Second, even the Justice Department has begun to admit that sex offenders (which include the consumers of child pornography) have considerably lower rates of recidivism than people who commit other crimes. You can read the statistics here: http://bjs.ojp.usdoj.gov/content/pub/pdf/rsorp94.pdf
    In a regime where the purpose of penalties is to deter bad behavior, a lower recidivism rate arguably indicates success, while a higher rate likely indicates a lack of deterrence.

    Which brings my to the final point: sex offenders are punished for life. Even if the sentence is short, the lifetime spot on the sex offender registry does not go away. Every time someone is convicted of a sex offence they receive a life sentence regardless of how much time they actually spend in prison. It’s not hard to see judges weighing this fact when considering the appropriate length of the prison stay.

    Given these three ideas: jailing violent offenders has demonstrably (if inefficiently) reduced crime, sex offenders are already adequately deterred, and sex offenses already carry a hefty penalty that has nothing to do with time spent behind bars, it is entirely reasonable that you would end up with the result Judge Saris describes.

    In the absence of data that contradicts Berman’s findings, I see no reason to question this conclusion.

    • Tom Matlack says:

      Mike:

      Are you saying that you believe there is no discrimination when it comes to our criminal system? Look at the raw data in terms of inmates racial profile vs. that of the population. Does that mean that blacks are many times more likely to commit a crime or are they more likely to go to jail? If so, why?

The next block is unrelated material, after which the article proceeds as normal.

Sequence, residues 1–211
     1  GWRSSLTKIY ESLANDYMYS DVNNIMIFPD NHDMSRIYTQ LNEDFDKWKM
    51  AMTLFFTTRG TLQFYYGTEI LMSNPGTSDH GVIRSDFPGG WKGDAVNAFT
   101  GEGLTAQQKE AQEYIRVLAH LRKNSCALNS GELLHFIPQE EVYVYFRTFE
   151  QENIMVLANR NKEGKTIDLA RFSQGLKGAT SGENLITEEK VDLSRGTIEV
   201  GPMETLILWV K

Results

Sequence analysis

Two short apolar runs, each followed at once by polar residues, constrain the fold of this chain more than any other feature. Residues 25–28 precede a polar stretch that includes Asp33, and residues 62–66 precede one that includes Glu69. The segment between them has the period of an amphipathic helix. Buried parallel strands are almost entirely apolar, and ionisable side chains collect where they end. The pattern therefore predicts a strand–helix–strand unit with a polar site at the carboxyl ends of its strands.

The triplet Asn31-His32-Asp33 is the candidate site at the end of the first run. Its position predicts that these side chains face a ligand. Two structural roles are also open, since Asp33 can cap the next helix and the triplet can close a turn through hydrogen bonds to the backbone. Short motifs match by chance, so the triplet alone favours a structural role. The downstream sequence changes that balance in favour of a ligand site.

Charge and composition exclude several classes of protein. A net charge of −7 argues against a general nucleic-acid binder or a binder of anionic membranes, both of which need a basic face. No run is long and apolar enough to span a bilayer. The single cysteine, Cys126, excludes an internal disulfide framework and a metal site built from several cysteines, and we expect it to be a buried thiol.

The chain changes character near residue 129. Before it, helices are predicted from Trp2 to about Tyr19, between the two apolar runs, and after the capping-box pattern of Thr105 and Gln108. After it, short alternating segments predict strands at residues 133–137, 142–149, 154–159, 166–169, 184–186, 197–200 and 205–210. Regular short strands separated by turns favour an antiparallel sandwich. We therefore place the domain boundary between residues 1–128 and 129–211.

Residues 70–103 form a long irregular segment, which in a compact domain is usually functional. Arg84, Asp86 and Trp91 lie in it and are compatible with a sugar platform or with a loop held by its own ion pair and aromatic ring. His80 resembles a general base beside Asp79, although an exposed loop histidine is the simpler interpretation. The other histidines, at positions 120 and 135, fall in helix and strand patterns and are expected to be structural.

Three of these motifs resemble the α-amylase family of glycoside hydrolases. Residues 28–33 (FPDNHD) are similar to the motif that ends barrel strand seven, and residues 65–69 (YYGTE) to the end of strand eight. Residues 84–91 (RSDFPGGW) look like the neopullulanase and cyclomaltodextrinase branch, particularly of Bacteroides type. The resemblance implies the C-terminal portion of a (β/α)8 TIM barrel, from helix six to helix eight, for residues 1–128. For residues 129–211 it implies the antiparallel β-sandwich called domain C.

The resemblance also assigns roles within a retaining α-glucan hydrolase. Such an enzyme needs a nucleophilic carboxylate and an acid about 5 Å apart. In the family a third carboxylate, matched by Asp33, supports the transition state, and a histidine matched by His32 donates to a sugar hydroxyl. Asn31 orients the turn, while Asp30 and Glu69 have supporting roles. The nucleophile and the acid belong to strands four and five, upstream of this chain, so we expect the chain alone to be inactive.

2. John Sctoll says:

    Do you know if there is any data on White women vs Black women AND/OR Women vs Men.

    I would be shocked if the disparity between Women and Men isn’t greater than 20%

  3. I don’t really know how to begin and with what. But surely to start with the difference of sentencing between white and black men downloading child porn is not a good way to start this discussion.

    Maybe best is first of all to compare the number of people in jail in USA with those of other countries, and nowhere else are so many people behind bars than in USA… not in China, not in Iran, not in Russia.

    The next step might be to compare sentencing between women and men in USA, and it is proven, that women are getting away with much shorter sentences than men for the same crimes.

    Next might be maybe to compare sentencing between women and men related to sex-crimes, and then you might start to compare those sentences of women and men according to their race.

    Somewhat like that… and finally, I think, it’s rather complicated, as also the financial background has to be considered. Rich criminals are getting often away with lenient sentences, poor people will be sent behind bars…

    To be a black model does not mean to be poor, a certain model comes to my mind, to be a white man does not mean he is rich – plenty of homeless people are male and white…

    Any idea how to start this discussion?

  4. I’m a bit worried at how this went from “corporate fraud and child porn” to “child porn”?

    Also along with John I’m a bit concerned that in all the talk of discrepancies in sentences it usually stays on the black/white issue. The gaps between men and women is pretty large that if I’m not mistaken black women actually get lighter sentences than white men (or I could be thinking of some other stat).